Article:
The history of the potbellied pig today can be traced back to Keith Connell’s import to the US from Canada in the mid-eighties. By today’s standards they were relatively large (60 to 80 kg). They were all black and wrinkled, particularly about the head and face. They also had the other characteristics we associate with the “breeder”, usually referred to as the foundation stock. Keith named them the “Con Line”.
However, shortly after the original importation, at least two other “breed types” entered the U.S. These included the Lea Line imported by Leavitt, with a gentle disposition, white and black markings, and being somewhat smaller. It also included the O’Royal Line, imported by Espberger. These pigs were mostly white and somewhat larger than the Lea Line.
These three lines, Con, Lea, and Royal, represent most of the foundation stock found in America today.
The different lines provided a larger gene pool to work with. They gave us a healthier breed type and enabled breeders to develop more desirable characteristics that were better suited for a domesticated companion. They could become house pets.
But why is there such a wide variety of breed types in the first place?. To answer this question, we must first understand the origin of the species.
The potbellied pig is a direct descendant of the old world wild pig family. Order (Artiodactyla), Suborder (Suins),Family (Suidae), Genus(Sus Scrofa) – the wild boar.
For over 40,000 years they ranged across Eurasia. The pigs moved from the Pacific to the Atlantic coast, and from the Mediterranean to the fringe of Siberia. The variety of habitat combined with the adaptability of this mammal produced a variety of species with many common traits.
The potbellied pigs of today are generally associated with South East Asia and, in particular, Vietnam. The Vietnamese Potbelly Pig is not technically a breed, but a local type. (Breed: “a group of animals that man selected to possess a uniform appearance that is inheritable and distinguishes it from other groups of animals within same species”.) This means the type of pig that is generally indigenous to an area. The variety we see in America is probably the result of cross-breeding the four local types of Vietnamese pigs. They share many common characteristics like pointed ears, sway back, straight tail, pot belly, size, and gentle disposition. Each type originated in a different part of Vietnam.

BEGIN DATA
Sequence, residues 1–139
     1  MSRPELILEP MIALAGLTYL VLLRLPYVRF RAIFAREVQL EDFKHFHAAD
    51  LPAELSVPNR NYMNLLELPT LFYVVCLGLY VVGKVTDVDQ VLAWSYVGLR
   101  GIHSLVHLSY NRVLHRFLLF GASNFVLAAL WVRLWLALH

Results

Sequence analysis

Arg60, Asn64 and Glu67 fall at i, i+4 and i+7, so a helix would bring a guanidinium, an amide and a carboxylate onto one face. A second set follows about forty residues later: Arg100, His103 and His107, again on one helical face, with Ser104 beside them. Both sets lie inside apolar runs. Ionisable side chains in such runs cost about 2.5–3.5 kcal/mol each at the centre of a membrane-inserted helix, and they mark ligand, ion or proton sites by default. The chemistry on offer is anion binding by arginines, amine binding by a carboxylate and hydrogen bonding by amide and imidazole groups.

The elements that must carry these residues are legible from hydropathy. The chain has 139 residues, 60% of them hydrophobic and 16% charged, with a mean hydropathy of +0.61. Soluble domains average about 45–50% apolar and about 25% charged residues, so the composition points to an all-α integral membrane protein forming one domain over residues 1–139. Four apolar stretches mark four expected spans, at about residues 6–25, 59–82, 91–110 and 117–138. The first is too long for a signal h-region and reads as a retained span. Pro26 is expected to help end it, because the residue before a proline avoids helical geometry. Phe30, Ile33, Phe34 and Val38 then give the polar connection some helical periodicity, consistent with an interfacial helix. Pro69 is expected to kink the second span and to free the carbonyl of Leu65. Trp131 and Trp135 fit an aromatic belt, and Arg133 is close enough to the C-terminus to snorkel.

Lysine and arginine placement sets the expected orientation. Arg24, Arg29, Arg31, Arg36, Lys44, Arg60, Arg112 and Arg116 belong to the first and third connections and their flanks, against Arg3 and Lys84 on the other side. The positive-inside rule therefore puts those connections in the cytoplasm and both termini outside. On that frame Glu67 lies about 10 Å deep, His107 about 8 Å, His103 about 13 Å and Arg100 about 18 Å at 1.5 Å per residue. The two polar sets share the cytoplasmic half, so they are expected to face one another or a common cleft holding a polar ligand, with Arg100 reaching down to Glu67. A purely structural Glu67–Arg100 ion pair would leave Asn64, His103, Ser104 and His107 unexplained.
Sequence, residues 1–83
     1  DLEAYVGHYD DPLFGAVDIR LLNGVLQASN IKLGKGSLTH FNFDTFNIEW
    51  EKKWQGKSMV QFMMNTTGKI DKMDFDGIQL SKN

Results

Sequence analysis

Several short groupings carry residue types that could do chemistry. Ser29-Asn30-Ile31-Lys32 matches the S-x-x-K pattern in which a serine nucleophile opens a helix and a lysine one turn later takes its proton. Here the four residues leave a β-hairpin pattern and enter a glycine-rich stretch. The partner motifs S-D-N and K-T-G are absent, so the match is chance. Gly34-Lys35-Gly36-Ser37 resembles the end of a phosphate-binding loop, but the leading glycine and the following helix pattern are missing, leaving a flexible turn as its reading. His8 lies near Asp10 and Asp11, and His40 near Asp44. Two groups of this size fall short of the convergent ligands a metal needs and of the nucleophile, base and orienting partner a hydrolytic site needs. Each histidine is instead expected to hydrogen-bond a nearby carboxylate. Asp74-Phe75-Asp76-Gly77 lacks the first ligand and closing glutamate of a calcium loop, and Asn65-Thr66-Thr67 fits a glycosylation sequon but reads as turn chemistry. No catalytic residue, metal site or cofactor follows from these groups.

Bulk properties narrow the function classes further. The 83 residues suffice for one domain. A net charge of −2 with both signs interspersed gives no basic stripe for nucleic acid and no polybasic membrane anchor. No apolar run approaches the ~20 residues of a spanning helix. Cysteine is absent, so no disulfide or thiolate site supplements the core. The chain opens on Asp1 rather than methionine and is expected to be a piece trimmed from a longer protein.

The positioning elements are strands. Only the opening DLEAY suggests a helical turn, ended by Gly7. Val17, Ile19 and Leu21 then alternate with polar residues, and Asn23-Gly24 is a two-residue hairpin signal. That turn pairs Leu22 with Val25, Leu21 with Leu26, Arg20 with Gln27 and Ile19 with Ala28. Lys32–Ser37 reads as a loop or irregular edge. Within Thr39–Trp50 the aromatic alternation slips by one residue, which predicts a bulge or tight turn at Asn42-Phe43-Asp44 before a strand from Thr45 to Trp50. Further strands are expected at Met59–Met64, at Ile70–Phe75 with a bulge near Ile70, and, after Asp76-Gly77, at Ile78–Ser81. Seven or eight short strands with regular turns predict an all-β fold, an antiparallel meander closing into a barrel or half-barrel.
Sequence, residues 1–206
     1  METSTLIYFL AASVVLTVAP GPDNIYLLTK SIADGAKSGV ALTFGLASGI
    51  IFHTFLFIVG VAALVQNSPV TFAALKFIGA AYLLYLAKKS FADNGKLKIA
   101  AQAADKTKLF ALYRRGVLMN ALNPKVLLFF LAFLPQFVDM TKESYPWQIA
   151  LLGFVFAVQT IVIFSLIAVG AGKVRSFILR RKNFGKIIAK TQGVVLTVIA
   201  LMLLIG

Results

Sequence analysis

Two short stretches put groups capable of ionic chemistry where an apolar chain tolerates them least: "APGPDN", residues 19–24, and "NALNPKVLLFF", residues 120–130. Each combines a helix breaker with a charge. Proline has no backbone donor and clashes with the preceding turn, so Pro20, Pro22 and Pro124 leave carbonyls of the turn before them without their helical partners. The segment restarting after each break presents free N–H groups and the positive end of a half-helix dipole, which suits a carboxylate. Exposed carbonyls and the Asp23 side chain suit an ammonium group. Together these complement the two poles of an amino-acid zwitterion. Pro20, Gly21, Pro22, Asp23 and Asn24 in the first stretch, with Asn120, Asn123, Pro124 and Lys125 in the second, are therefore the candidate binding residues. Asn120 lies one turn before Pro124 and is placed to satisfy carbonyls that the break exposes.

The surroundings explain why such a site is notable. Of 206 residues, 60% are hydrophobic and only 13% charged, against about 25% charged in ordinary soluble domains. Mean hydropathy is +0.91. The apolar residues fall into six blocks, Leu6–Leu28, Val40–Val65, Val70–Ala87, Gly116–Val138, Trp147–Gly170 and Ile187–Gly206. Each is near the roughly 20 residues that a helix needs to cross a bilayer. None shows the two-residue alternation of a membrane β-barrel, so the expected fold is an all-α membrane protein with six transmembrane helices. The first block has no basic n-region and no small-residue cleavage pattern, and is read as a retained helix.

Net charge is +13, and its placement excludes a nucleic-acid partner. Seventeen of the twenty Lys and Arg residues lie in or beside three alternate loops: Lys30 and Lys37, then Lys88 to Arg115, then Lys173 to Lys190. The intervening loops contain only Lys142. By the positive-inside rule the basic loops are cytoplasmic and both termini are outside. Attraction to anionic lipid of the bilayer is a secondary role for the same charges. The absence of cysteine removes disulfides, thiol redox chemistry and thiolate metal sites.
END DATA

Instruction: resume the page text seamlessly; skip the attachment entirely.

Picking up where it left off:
- North Vietnam – The OiO pig (the shortest breed type name in the world)makes its home in the West near the Red River Delta. It is the type most common in Vietnam and the pig known as the Vietnamese potbellied pig….the original “Con Line”. A larger pig (up to 90Kg) but still very small compared with domestic pigs. It has wrinkled black skin, particularly about the head with a dished face, narrow forehead and small upright ears.
- You can find the OMong CaiO in the Northeast near the Chinese border and Gulf of Tonkin. It is slightly larger than the “I” (100kg) with more hair, white with black head, white snout and black patches elsewhere on the body. It is generally associated with the Lea Line.
- Central Vietnam: The “co” is very small (up to 40kg) pig. Originally wide-spread in central Vietnam, it is now restricted to the high plateau region. With a cubby body type and more of a slope to its back, this breed type has greatly influenced our “American” potbellied pigs.
- South Vietnam: The “Heo Moi”, sometimes called the Vietnamese primitive, originally roamed the mountain area on the South. Also very small (40-45 kg), they’re swaybacked with hanging stomachs and a longer snout. Today, mainly in the rich Mekong delta, they have become larger (60kg) but still possess veracity and many characteristics of their free-range mountain kin. Here too we see many of their traits in our American “breed types”.
What to Look For
When looking for a pet, going to a show, or just enjoying your own pet pig, see if you can spot the unique characteristics of the I, Mong Cai, Co, and Heo Moi breed types. The judges are looking for a blending of many traits. Everyone is looking for healthy, happy pets.
Written by Richard Magidson, Ross Mill Farm Rushland, PA.
Used with permission from Susan Magidson.